Friday, September 6, 2013

Improvised Masquerade Costumes

A tiny belle of 1830.
      With so many children, the idea of "dressing up" even of having or of going to a masquerade party, is likely to be a thing of shot notice. Often the jolliest parties of all are those got upon a day's notice.
      The costume part of the program is, of course, the most delightful part of it--unless you don't happen to have one, or find, to your dismay, that you've outgrown yours. If there is plenty of time, there is no trouble, but many a youngster has cried herself to sleep over having to decline an invitation to a Halloween party because the necessary costume was lacking.
      For that matter, a creditable costume can be improvised out of material at hand, and the youngster sent away, happy in her disquise.
      Her older sister's red party cloak, with its full hood pulled down over her face turns her into a quaint Little Red Riding-Hood as ever graced the pages of a beloved old fairy-tale book. Give her a little arm, apparently filled with the goodies she was to take to her grandmother when she set out upon that memorable walk. If the party chances to be a birthday party, the basket may contain real goodies, to be presented to the little hostess.
With A Kimono and Sash
      A fascinating Pierrot costume may be made of the small boy's white pajamas, if you sew great fluffy choux of scarlet or of blue or yellow mosquito netting (or the finer net) down the front. Make a "sugar-loaf cap," stuff it full of tissue paper, so that it will keep its shape, and sew another ruff upon the tip end of it. If you've time sew bands of color about the sleeves and trousers and the funny loose jacket.
Turned into a Japanese
      With a figured kimono and a sash, and attractive little Japanese lady may be evolved in short order. If the kimono is her own, so much the better; if it's a grown-up kimono, turn up the hem until it is the right length, and baste the new hem in place over a wadding of cotton. Treat the sleeves in the same way. The body part may be drawn in as you please under the "obi," which is nothing in the world but her own sash tied in Japanese fashion. Twist her curls high on her head and stick through them tiny Japanese fans, or the tiny lanterns made to dangle at the end of a long stick. let her carry a folding fan, of course.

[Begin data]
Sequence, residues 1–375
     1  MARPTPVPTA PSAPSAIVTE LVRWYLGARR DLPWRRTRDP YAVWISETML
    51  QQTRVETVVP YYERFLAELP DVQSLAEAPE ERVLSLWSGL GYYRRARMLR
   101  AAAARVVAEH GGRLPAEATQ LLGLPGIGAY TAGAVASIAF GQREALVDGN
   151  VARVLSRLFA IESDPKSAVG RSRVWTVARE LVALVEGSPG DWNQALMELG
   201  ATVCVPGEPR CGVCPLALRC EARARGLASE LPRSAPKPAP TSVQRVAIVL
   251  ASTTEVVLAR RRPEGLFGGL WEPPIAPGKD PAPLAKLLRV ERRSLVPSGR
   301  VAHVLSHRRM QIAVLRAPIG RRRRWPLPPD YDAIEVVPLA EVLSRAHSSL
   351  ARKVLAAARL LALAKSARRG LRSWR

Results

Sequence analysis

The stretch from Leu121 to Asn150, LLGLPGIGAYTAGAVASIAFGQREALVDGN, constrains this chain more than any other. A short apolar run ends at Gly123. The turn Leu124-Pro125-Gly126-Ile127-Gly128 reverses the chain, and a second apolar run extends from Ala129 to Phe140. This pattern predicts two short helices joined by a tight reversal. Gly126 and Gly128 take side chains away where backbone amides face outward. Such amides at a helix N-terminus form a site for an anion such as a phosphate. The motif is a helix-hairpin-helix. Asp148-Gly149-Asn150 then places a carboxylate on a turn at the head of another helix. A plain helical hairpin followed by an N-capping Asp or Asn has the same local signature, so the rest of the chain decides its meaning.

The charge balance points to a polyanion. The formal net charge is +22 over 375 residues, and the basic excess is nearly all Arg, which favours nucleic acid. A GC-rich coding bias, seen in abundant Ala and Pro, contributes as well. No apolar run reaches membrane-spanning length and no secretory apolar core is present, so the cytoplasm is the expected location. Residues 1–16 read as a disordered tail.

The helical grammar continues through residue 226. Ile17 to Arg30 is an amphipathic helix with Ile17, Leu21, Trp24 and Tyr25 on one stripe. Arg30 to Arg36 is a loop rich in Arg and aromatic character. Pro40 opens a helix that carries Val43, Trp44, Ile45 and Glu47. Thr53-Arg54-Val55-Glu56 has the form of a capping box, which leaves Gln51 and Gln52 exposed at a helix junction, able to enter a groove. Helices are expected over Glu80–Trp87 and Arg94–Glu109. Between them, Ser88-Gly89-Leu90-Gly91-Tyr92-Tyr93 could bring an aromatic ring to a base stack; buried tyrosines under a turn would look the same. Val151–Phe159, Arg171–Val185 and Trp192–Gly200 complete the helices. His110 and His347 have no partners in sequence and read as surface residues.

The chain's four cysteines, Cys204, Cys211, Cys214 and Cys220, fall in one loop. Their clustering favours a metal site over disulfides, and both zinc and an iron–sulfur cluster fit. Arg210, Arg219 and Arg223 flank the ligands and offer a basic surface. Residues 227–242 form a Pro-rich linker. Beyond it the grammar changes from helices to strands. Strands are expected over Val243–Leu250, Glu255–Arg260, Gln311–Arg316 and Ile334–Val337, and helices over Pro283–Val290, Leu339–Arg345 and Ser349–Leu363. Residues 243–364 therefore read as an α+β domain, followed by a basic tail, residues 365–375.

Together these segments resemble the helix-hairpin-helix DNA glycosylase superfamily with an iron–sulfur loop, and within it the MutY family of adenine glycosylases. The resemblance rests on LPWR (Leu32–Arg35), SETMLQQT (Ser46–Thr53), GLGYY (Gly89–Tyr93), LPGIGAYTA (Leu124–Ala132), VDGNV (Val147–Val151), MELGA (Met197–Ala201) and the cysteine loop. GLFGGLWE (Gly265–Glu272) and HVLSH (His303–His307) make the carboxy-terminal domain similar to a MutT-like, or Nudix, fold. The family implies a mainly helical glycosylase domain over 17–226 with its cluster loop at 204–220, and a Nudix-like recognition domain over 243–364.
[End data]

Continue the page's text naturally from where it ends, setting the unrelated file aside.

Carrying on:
For a very tiny boy, a pretty variation of the Pierrot costume consists of a funny, full affair, all in one piece-sleeves and trouser-legs as funny and full as the rest, but gathered in at wrists and ankles by hands and bows of bright ribbon. Big stars, cut from paper the color of the ribbon, are pasted onto the costume. 
To Make The Pierrot Buff
      The famous Pierrot's ruff is made of netting cut about twelve inches wide and gathered in the center. Make it as full as you can, pushing the gathers together until they are tight upon the thread. Then the ruff becomes as fluffy a thing as you want.
      A short red or yellow skirt, with a bolero borrowed from your store, will be needed to make your gipsy costume. If you've a scarf (those gay, embroidered piano scarfs are splendid for the purpose and a Roman sash is most effective), tie it around her waist, pulling it a little low and knotting the ends at the left side in front. Heap all the strings of beads and bracelets you can upon her, and if you've a bright silk handkerchief, cover her hair with it. The best way to do that is to lay it on flat, turning back the hem a couple of inches or so across her forehead and fastening at each side with a big round broach.
A gypsy, Little Red Riding Hood and a Quaint
little Quaker Lady
      For a little Irish lass a skirt of bright green with a full white blouse, open at the throat in a sort of V, may be run up in a little while. Tie a red bandana about her waist, and another about the throat, fasenting the knot to the end of the V.
      The "Old Virginia girl" and 1830 costumes are easily made of flowered cretonnes or of the crepe papers that come in such variety.
      Those crepe papers by the way make stunning costumes if you've time to devote the best part of a day to the making. The prettiest flower costumes topped off with a big flower for a hat; Mother Goose and her tribe of nursery fold: night and morning and twilight; witches and elves: children of other nations--there is no end to the costumes which can be made of them. If you make the paper costume upon a foundation of muslin, or. at least sew it upon a belt of strong muslin, with bands outlining the neck and ending the sleeves, there's little danger of the dress sagging or worse still, of pulling apart.

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